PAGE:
An Intro to Paint brushes for Beginners
Ever struggle with finding the perfect brush to use on your project? Or maybe you get anxiety with all the different options you see at the art store or when shopping for supplies online?
Well, today we’re going to be talking all about paint brushes and all the ins and outs of what they’re called, what they’re made of, how they’re supposed to be used and all the nitty gritty details. If you’re a beginner, this will be a great place to start if you want a handy guide and if you’re a pro, I still think it’s useful to brush up, no pun intended, on the basics.
Long vs Short Handle
All brushes fall into one of these two categories and basically in a nutshell, short handle brushes are best used for smaller sized paintings. You’re going to hold these brushes right above the silver part called the ferrule and these are the brushes favored by watercolor artists gouache painters and anyone making smaller sized painting because of that shorter handle. It’s just less cumbersome.
On the flip side, long handle brushes are most commonly used for large format canvas paintings. By and large you’re going to hold these brushes at the very end of the handle while you’re standing back from your painting. That distance really helps with being able to see the big picture of what’s going on in your painting. So long handled brushes are generally preferred by oil painters, acrylic painters and anybody creating art on a larger canvas.
Natural vs Synthetic
Moving down the line to our next category, after long and short handles, we have natural vs synthetic brushes. Natural brushes are made from animal hairs, The best known one being sable which is basically a type of weasel. Sable is also frequently used for making expensive fur coats so as you can probably guess the cost of sable brushes is going to be at the top end of brushes in general as far as budget is concerned.
Then we also have bristles that are made from other animals ranging from squirrel, badger, pony, and goat to ox, camel, raccoon, rabbit... the list goes on and on. Now, your traditional old-school artist will probably tell you that these paintbrushes, and sable in particular are the Rolls-Royce of brushes and that the quality is incomparable to synthetic brushes which will talk about in a minute but in my opinion I think that with today’s technology, synthetic brushes have gotten so good that personally, I can’t justify the need to kill animals in order to be able to get really great quality brushes.
If you’re looking at a naturally made brush you’ll find the details of the brush, Including in most cases, the type of animal that was used will be indicated on the handle of the brush. The type of animal that was used to make the brush will make the characteristics of the brush distinct one from the next so Sable will be a softer springier brush whereas a squirrel brush will be a lot softer and have less snap. Snap refers to when the paintbrush will snap back to its original shape right after you use it and that’s generally a desirable outcome for a brush but it depends on what you’re looking to do and what you’re looking for in your brush. So squirrel will be softer and will hold more water and maybe not snap as much an ox or badger brush which will be harder and less absorbent.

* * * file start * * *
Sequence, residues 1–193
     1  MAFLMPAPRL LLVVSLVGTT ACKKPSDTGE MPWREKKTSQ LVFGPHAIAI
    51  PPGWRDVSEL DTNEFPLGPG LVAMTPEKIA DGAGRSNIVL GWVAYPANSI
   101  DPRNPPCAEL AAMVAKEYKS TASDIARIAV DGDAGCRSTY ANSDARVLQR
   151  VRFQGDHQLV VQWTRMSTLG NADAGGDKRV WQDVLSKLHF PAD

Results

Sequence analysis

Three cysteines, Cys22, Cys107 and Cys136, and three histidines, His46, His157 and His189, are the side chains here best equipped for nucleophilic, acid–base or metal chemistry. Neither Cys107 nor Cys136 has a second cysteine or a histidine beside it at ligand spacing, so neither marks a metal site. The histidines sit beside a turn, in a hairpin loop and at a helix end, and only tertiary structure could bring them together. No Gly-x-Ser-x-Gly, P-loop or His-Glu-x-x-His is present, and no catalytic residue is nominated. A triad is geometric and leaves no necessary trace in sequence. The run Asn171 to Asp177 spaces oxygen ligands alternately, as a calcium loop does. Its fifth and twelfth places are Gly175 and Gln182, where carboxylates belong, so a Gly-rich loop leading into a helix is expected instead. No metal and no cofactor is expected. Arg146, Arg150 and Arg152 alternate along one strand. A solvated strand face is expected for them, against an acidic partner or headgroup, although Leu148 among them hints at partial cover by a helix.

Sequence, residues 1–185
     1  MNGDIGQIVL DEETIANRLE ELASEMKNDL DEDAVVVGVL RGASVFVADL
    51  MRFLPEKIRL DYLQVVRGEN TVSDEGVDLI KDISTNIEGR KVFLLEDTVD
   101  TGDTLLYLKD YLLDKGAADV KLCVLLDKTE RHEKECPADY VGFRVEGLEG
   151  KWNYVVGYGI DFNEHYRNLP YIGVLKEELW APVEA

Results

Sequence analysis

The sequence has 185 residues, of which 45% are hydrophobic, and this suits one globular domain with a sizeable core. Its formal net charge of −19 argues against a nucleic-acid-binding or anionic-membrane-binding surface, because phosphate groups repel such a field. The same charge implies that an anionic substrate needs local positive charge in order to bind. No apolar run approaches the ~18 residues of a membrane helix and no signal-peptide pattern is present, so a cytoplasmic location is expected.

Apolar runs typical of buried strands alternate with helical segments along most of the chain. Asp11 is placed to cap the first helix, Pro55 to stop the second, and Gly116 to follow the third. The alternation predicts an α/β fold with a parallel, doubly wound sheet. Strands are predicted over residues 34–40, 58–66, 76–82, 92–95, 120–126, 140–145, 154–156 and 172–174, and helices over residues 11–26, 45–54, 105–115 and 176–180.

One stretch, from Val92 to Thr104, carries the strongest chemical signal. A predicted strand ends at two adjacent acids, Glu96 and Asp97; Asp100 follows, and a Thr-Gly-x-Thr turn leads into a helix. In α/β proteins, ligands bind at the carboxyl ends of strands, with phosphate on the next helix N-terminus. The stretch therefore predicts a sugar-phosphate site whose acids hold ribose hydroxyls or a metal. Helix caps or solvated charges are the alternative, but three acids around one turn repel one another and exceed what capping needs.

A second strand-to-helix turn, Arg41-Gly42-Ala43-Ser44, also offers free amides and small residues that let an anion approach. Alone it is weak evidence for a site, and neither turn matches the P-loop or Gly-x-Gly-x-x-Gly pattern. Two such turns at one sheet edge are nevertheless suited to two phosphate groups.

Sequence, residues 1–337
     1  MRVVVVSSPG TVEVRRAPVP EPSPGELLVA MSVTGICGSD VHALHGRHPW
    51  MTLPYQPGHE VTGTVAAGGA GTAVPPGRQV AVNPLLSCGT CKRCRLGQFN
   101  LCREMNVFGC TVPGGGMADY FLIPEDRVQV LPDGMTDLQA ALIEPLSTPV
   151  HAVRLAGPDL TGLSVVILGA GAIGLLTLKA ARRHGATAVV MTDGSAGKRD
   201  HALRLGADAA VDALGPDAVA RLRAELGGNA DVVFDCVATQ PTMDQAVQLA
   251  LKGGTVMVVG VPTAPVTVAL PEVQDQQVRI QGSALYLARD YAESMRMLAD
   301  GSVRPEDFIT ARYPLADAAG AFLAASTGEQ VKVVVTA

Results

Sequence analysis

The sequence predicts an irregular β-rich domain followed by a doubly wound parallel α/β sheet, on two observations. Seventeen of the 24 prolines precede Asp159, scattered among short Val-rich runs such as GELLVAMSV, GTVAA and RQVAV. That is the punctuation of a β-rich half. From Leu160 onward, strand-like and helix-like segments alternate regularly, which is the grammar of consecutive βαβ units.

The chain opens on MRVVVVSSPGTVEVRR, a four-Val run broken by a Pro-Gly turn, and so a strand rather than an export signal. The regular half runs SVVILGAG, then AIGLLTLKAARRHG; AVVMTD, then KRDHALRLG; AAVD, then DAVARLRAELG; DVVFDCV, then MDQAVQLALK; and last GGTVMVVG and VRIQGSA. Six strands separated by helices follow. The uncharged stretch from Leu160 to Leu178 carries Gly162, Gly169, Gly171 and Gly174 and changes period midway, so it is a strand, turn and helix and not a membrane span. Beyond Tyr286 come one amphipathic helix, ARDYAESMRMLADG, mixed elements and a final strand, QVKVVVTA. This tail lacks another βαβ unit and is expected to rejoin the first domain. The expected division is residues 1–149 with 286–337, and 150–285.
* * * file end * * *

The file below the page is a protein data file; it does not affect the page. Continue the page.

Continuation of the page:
All of these animal made brushes will be available both in long handle as well as short handle brushes for the most part.
Moving on to synthetic brushes which is what I use for pretty much all my work, these are brushes using man-made materials that are engineered to mimic the characteristics of animal made brushes. So aside from being cruelty-free a lot of these brushes are also very convenient because they tend to be less fragile and easier to maintain than animal hair brushes. And guess what they’re much much cheaper too.
I would say you generally want to avoid using materials like acrylics on natural or animal hair brushes because they can be very harsh and will break them down very quickly whereas synthetic brushes will be more forgiving and able to stand up to that kind of rigorous use.
However just like animal bristle brushes, synthetic brushes also come with many different finishes. Some can be made to be soft, some like these Taklon orange brushes are stiffer and some like these Princeton Aqua Elite and Escoda Reserva are even engineered to mimic the famous Kolinsky Sable.
Synthetics are great for literally all mediums whether you’re an oil or acrylic painter or a watercolorist. The key here is to make sure the type of brush you get is appropriate for the medium you’re using. Usually when you’re shipping for brushes, you’ll want to check the product description to see whether the brush was engineered for the type of paint you’re planning to use it for or now.
So that covers it for synthetic brushes. Now we’re going to move onto brush shapes. And here’s where it easily gets super confusing because there are dozens and maybe even hundreds of different brush shapes. But for the sake of simplicity, I like to think of brushes as belonging into one of two fundamental categories. Throughout my years of working, I’ve noticed that most brushes fall into these 2 categories. Either brushes with a flat footprint, or brushes with a round footprint.
So if you look at the brush from above, what’s the shape at the base. Is it round or is it a flat square? Regardless of the details in the exact shape, I like to think of my brushes as following into one of these 2 categories. In fact, I’ve recently started organizing them that way too.
This Video will give you some demos of some of my favorite brush shapes and what they can be used for.
01:40 Long Handle v Short Handle Paintbrushes
03:27 Natural Brushes vs Synthetic PaintBrushes
07:50 Brush Shapes
13:27 Flat Brushes Demo
19:01 Round Brushes Demo
20:14 Round Brushes Demo